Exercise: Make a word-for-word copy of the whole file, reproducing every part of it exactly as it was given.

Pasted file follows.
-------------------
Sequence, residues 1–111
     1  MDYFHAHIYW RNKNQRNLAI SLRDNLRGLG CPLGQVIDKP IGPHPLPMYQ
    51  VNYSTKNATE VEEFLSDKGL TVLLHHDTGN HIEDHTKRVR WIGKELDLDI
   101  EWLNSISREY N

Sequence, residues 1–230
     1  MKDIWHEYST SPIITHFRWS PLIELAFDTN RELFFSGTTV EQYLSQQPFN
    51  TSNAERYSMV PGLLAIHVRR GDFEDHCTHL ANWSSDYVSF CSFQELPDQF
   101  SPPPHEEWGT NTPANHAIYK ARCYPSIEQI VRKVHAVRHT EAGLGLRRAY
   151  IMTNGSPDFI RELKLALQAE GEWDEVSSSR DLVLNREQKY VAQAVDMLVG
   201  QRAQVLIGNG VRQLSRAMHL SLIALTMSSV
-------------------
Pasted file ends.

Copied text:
Sequence, residues 1–111
     1  MDYFHAHIYW RNKNQRNLAI SLRDNLRGLG CPLGQVIDKP IGPHPLPMYQ
    51  VNYSTKNATE VEEFLSDKGL TVLLHHDTGN HIEDHTKRVR WIGKELDLDI
   101  EWLNSISREY N

Sequence, residues 1–230
     1  MKDIWHEYST SPIITHFRWS PLIELAFDTN RELFFSGTTV EQYLSQQPFN
    51  TSNAERYSMV PGLLAIHVRR GDFEDHCTHL ANWSSDYVSF CSFQELPDQF
   101  SPPPHEEWGT NTPANHAIYK ARCYPSIEQI VRKVHAVRHT EAGLGLRRAY
   151  IMTNGSPDFI RELKLALQAE GEWDEVSSSR DLVLNREQKY VAQAVDMLVG
   201  QRAQVLIGNG VRQLSRAMHL SLIALTMSSV